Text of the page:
(AP) in the sludge and water. Sulphate reducing bacteria (SRB) could not be noticed in
water and sludge. The sulphate level was about 155 and 60 ppm in water and sludge
respectively. It is surprising that though sulphate is present in water and sludge, sulphate
reducing bacteria could not be noticed. The pH range for the growth of SRB is 6.5 to 8.5,
with optimum being 7.2 to 7.5 (19). The broad ecological classes of sulphur-oxidizing
bacteria can be discerned, among those living at neutral pH and those living at acid pH
(20), whereas many of the forms are living at acid pH. In the present study, the pH of the
sludge was 6.8. At the interface between naphtha and water, the pH was about in the
range between 5.5 and 6.0. The absence of SRB may be due to the domination of acid
producers (AP), iron oxidizing bacteria (IOB) and manganese oxidizing bacteria (MOB).
The acidity creates “syntrophy” for the three communities of microbes namely acid
producers, manganese oxidizers and iron oxidizers which suppress the proliferation of
SRB. Pseudomonas sp., Bacillus sp., Gallionella sp. Thiobacillus sp., Thiospira sp.,
Sulfolobus sp. Legionella sp., and Siderocapsa sp were noticed in the sludge.
Pseudomonas is strictly aerobic, chemoorganotrophic which is able to use other than one
carbon organic compounds as sole carbon and energy sources, catalase positive, usually
oxidase positive. It is aerobic having a strictly respiratory type of metabolism with
oxygen as the terminal electron acceptor; in some cases nitrate can be used as an alternate
electron acceptor, allowing growth to occur anaerobically. Some species are facultative
chemolithotrophs able to use H2 or Carbon as energy sources. Gallionella is a
chemolithotrophic bacteria capable of oxidizing ferrous to ferric ion while assimilating
significant quantitative C14O2 and grow in oligotrophic waters in nature. Iron hydroxide
may make up 90% of dry weight of cell mass. Microaerophilic,optimum pH 6-9 and O2
concentration 1mg/l, found in ferrous ion containing water and in soils. Bacillus has
chemoorganotrophic metabolism with single source of carbon and energy with inorganic
N2. It is strictly respiratory, strictly fermentative or both using various substrates. It is
strict aerobes or facultative anaerobes, gives catalase positive in test. In the absence of
organic compounds it acts as facultative chemolithotrophs using H2 as energy source. It
can tolerate in the temperature range of 25- 750C and pH value of 7.5- 8.0 to 2.
Thiobacillus sp. is strictly autotrophic. Energy derived by the oxidation of thiosulphate to
sulphate, sulphur granules and polythionates may accumulate depending on culture
conditions, Elemental sulphur is slowly oxidized. also oxidizes, other partially reduced
sulphur compounds including H2S, tetrathionate and in some strains thiocyanate. It is
strictly aerobic- Growth occurs between pH 4.5- 7.8. Sulfolobus is gram negative and
aerobic which uses elemental sulphur as energy source. It is facultative autotrophs and
prefers pH optimum being 2-3; maximum 5.8; minimum 0.9. Thiospira are usually with
pointed ends, with sulphur inclusions Siderocapsa are spherical to ovoid cells embedded
in a common capsule, partially encrusted with iron and/ or manganese compounds which
is aerobic but can grow under reduced oxygen tension. Legionella are nutritionally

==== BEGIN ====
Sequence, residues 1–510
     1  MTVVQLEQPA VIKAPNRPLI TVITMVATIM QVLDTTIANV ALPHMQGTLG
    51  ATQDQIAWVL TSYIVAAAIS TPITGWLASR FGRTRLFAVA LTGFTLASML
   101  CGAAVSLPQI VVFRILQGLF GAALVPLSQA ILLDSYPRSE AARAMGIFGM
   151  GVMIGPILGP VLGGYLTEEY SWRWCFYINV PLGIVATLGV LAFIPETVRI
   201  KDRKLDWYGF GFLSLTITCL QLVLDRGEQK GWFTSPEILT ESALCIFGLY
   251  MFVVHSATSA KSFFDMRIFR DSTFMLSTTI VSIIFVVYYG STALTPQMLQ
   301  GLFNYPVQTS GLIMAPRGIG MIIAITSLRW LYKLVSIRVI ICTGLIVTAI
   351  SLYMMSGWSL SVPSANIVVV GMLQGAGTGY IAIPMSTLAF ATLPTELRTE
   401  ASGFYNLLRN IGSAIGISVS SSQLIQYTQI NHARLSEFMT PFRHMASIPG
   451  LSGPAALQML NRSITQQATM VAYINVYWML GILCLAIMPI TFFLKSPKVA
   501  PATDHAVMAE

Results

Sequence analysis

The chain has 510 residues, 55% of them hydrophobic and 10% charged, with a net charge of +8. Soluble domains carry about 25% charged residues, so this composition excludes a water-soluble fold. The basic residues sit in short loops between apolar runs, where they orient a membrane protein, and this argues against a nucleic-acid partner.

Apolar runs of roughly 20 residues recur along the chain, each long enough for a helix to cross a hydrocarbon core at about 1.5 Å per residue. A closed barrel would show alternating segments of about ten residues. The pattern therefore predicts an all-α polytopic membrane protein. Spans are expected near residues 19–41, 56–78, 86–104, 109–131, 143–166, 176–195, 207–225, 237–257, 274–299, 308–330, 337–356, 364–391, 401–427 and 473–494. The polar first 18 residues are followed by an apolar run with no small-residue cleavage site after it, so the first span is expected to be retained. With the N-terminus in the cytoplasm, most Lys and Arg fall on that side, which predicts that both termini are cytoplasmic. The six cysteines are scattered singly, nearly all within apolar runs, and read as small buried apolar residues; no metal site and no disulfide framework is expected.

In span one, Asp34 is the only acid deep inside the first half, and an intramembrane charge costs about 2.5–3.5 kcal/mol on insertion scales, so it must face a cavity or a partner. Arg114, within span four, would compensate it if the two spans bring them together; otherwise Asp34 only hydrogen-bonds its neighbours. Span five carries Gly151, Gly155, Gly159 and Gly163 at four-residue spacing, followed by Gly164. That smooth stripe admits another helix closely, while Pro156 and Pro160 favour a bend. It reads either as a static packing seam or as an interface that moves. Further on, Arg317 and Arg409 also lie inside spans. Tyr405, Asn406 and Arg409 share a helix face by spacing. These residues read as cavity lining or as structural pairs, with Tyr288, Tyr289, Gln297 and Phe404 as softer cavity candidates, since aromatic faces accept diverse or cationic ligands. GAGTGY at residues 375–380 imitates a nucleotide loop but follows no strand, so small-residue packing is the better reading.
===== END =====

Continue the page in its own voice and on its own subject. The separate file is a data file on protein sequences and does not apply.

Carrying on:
fastidious. They require iron and L-Cysteine- HCl and iron salts are required for growth.
It is chemoorganotrophic, using aminoacids as carbon and energy sources. Vibrio is
chemoorganotrophs, having both respiratory (O2) and fermentative. Metabolism of CHO
is fermentative with mixed products, but no CO2 or H2. On the basis of heterotrophic
bacteria and autotrophic bacterial physiology, it can be assumed that heterotrophic
bacteria utilizes energy from naphtha and the conversion of elemental sulphur in naphtha
has been utilized by acid producing bacteria viz Thiobacillus sp and Sulfolobus sp to
sulphuric acid and dissolved as sulphate in water and sludge. Hence it can be concluded
that the presence of sulphate in water is due to the activity of microbes on elemental
sulphur. Since naphtha with water is transported through the pipeline under pressure the
supply of oxygen may be sufficient for the aerobic bacteria. The concentration of chloride
was about 10 ppm in the water and in the sludge samples. This data reveals that chloride
contribution on corrosion may be nil.
Naphtha is not a single compound, it has many organic constituents viz n- Butane,
Isopentane, 2- Methyl Pentane, n- Hexane, Benzene, n-Heptane, Methyl cyclohexane,
Toluene, 3-Methyl Heptane,3,5 Di Methyl cycloheptane and n- Nonane with sulphur.
IR results (Fig.1b) indicate that CH-aliphatic stretch was degraded by microbes .The
absence of peaks in the sample of sludge in the range between 674 and 727 indicates that
benzene ring is consumed by microbes since the major components of n-heptane (-CH2CH2-)n, toluene and benzene in naphtha are degraded as R-CH3 by consumption of
hydrogen. Heterotrophic bacteria break the organic constituents by consumption of
hydrogen and convert into R-CH3 where as autotrophic bacteria increases the addition of
oxygen and convert as R-CH2-OH (primary alcohol). The addition of oxygen or sulphate
(4-5 chemical shifts (δ)) heteroatom can be seen in NMR spectrum and the spectrum
indicates that both aliphatic and aromatic group are degraded by microbes. The addition
of oxygen is due to the very rapid addition of oxygen by Gallionella sp and Legionella sp
which supports with the observation made by Muthukumar et al (21). Moreover
Gallionella .being chemolithotrophic, microaerophilic and acidophilic species, produces
toxic oxygen products (H2O2) as an outcome of its metabolism and it needs the